As expected, the Government Communications Centre, led by Jenny Grey, the executive director of government communications, will have a significantly smaller headcount than the COI’s 400.
The new unit has a total team of around 150, but this includes resources such as the Prime Minister’s press office that were not previously part of COI. The 70-strong communications team will oversee services formerly handled by the COI and will include a "policy and capability" team, a "shared services" team to improve co-operation between Whitehall departments, a media planning and buying resource and a media monitoring service.
Agencies will be invited to an open day in late April or early May at which a new agency framework system will be explained and a timeline revealed for a review of the current rosters. Grey said a priority will be appointing a framework to handle "integrated communications".
Grey revealed that the Government does not have a finite target for total annual advertising or marketing spend: "We don’t have a golden number but spend will never reach levels it reached at its peak. But if we can show a campaign has great value then there is a willingness to invest."
Government ad spend peaked in the 2008/2009 financial year when it rose by 40 per cent to reach £253 million. In the year to the end of September 2011, the Government spent just £39 million, according to figures from Nielsen.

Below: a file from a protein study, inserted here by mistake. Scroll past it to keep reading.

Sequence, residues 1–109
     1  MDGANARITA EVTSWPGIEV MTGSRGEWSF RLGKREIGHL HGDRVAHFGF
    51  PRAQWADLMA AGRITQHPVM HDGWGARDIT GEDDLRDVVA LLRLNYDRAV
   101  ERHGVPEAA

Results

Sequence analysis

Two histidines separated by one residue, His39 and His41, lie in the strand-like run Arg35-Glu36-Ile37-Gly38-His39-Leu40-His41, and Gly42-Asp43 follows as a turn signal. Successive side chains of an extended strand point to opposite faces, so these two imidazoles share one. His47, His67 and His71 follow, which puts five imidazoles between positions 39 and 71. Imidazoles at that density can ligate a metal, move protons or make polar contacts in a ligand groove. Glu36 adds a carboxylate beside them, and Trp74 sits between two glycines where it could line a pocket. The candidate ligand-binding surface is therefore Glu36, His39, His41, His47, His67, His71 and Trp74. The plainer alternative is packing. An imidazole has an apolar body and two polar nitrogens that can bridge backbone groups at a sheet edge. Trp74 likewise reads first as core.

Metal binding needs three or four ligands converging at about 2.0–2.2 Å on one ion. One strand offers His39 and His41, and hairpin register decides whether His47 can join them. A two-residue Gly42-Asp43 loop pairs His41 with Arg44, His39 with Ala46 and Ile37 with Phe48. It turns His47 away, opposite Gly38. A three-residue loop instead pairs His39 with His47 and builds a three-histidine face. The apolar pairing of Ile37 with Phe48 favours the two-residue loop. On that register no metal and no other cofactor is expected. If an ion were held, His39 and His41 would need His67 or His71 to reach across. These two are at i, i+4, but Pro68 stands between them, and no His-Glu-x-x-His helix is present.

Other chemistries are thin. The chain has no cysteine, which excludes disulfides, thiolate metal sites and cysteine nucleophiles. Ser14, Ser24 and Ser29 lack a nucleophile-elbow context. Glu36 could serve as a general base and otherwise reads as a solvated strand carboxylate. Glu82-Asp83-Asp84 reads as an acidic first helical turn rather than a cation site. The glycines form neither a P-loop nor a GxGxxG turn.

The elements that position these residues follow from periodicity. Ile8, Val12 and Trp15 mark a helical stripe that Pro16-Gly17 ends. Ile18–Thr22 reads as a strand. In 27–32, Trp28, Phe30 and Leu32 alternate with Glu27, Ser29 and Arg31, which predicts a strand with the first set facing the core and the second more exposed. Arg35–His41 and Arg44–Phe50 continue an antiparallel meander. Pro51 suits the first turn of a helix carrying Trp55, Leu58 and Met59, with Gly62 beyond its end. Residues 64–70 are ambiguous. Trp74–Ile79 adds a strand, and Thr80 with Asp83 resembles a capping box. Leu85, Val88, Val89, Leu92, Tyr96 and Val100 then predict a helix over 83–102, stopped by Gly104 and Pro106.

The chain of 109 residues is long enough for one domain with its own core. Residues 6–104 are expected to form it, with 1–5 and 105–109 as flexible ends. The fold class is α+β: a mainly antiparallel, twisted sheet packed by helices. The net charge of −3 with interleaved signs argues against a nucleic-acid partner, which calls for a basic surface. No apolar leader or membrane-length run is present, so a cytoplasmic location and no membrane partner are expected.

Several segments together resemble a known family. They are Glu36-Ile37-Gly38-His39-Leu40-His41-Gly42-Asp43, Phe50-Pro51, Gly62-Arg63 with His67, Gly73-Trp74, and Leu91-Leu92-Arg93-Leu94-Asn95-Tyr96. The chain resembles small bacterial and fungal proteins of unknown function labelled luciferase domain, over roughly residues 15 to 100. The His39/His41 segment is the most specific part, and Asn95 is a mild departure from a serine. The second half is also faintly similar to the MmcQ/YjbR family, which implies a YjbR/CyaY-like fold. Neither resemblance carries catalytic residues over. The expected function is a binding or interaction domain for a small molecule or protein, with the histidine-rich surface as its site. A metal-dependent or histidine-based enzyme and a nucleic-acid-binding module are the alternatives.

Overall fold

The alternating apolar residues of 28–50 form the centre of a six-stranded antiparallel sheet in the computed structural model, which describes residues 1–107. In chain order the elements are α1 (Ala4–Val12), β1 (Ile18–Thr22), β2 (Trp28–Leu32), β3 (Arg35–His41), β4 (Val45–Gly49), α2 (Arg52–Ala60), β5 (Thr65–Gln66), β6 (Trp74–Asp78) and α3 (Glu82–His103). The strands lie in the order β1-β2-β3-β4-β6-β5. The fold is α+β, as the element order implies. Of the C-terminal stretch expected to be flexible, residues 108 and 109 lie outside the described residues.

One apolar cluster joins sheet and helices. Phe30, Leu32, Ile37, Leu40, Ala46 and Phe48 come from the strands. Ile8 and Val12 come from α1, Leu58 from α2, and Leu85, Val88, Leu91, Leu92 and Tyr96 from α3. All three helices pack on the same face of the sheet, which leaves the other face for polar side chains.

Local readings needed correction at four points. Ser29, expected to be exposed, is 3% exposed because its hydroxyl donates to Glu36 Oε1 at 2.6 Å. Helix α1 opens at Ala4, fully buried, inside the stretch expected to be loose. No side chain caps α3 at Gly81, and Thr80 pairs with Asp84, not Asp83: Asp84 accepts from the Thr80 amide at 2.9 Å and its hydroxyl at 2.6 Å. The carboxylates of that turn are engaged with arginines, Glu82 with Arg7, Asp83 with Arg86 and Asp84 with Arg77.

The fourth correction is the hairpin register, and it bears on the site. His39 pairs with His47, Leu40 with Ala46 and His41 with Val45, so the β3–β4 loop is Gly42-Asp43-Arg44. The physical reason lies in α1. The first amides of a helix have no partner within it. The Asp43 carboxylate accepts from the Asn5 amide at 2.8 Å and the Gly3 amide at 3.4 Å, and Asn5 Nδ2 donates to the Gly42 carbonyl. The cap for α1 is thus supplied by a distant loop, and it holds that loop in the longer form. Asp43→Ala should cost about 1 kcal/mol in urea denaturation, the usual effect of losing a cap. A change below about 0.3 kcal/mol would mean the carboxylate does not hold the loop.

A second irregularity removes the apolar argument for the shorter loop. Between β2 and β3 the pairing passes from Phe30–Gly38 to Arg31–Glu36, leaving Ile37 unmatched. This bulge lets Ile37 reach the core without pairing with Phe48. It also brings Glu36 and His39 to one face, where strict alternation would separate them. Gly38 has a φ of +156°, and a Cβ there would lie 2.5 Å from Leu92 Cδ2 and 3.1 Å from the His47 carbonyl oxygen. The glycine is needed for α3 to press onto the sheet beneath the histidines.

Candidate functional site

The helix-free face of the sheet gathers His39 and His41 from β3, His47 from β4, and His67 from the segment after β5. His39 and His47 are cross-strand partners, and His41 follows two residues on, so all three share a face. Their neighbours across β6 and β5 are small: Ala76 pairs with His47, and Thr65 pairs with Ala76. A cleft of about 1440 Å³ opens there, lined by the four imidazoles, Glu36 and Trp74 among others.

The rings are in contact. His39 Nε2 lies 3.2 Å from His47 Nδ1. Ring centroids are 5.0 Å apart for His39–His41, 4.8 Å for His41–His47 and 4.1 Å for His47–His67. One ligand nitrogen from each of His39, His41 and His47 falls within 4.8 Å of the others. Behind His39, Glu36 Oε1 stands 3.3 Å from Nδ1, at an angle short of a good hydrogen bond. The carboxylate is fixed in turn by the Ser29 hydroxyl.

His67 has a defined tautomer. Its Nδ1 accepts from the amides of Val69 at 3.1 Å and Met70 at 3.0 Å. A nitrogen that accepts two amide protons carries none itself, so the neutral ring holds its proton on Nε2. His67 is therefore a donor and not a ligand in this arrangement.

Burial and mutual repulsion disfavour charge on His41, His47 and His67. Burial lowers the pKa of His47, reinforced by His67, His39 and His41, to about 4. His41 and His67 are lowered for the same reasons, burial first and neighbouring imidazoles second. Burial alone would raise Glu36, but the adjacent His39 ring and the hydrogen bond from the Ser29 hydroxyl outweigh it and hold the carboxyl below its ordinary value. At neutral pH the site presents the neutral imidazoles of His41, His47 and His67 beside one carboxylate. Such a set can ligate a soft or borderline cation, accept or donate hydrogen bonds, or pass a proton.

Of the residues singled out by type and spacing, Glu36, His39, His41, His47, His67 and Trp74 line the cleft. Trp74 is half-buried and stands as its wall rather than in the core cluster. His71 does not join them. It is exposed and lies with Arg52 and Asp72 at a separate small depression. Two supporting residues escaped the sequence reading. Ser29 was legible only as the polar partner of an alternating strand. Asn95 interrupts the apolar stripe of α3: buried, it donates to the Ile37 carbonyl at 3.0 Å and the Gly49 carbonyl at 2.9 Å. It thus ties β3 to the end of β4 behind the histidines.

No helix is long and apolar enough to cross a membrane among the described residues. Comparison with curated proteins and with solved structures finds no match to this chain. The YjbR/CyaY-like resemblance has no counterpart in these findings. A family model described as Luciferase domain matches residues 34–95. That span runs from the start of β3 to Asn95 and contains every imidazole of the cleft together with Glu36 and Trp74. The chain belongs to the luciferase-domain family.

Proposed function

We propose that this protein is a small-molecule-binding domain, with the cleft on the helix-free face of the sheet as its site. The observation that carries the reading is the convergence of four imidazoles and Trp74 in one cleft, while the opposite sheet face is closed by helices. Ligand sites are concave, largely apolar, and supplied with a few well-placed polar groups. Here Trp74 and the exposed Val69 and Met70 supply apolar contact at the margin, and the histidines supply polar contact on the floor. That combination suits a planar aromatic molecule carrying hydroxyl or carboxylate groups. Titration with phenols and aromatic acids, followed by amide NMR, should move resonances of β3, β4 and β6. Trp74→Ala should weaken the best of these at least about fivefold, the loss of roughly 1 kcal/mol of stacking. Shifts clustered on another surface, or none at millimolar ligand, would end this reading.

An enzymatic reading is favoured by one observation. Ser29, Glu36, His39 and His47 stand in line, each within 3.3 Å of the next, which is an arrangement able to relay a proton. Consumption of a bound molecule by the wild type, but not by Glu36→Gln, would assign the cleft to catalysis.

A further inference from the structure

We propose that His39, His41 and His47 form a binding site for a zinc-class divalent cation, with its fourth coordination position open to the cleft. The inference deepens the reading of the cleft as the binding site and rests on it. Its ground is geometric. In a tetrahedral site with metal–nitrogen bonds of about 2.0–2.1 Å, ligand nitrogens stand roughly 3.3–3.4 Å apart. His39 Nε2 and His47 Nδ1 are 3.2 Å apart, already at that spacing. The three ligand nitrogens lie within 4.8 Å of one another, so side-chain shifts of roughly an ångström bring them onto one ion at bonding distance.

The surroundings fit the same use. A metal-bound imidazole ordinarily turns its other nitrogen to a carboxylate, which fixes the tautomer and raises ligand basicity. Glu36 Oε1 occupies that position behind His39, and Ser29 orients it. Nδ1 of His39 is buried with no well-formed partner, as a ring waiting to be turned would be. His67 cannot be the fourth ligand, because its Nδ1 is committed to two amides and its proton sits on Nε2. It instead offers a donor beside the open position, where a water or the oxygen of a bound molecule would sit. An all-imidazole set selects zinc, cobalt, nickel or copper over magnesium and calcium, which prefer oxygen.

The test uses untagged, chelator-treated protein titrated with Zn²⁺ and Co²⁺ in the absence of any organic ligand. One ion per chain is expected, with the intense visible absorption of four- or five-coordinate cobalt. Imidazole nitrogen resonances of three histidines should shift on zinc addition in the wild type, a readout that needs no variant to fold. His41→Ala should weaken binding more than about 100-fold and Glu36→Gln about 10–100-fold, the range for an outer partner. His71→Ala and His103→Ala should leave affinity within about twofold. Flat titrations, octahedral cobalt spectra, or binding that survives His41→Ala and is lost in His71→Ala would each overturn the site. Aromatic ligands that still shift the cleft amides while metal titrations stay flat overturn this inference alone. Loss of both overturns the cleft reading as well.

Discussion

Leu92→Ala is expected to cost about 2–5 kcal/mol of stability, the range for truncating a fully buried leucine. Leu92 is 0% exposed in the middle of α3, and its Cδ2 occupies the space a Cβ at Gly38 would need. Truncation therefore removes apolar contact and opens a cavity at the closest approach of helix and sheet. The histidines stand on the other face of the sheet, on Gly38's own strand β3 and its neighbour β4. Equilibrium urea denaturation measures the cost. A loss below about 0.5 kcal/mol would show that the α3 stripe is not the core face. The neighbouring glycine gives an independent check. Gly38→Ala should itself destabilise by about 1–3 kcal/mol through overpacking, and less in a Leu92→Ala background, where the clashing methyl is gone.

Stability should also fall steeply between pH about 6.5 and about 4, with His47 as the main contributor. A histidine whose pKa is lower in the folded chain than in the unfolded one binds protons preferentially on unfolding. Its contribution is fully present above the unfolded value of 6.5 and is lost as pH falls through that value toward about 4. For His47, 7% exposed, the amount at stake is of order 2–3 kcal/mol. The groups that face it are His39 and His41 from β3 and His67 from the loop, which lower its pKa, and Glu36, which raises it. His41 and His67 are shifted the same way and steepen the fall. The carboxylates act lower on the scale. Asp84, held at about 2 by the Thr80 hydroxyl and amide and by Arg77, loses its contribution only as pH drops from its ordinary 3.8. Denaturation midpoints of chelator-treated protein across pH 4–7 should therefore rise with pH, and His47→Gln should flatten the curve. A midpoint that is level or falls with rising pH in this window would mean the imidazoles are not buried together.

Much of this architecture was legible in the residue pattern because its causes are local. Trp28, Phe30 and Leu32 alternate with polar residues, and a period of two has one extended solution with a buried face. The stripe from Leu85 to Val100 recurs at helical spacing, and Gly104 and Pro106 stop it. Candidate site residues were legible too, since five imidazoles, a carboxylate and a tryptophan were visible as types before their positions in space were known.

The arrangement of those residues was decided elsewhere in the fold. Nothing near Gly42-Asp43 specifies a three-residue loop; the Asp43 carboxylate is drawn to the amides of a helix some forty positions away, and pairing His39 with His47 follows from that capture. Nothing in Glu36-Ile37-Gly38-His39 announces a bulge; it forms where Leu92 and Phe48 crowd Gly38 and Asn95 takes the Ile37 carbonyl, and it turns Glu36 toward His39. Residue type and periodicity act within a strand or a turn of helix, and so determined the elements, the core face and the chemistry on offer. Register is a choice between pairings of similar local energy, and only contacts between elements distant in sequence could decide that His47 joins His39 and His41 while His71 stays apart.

Grey said that the new structure, which also involves the creation of seven Government department hubs to work on sharing existing resources, would result in "an opportunity to co-ordinate and plan better."
She is looking to encourage departments to work together more frequently on campaigns, as was the case with the recent cross-government "great" activity
Friday will mark the end of 66 years existence for COI. Last October, the remaining 400 COI staff entered into a consultancy period and those that have not moved to the Cabinet Office either found new roles within government departments or were offered redundancy.
This article was first published on campaignlive.co.uk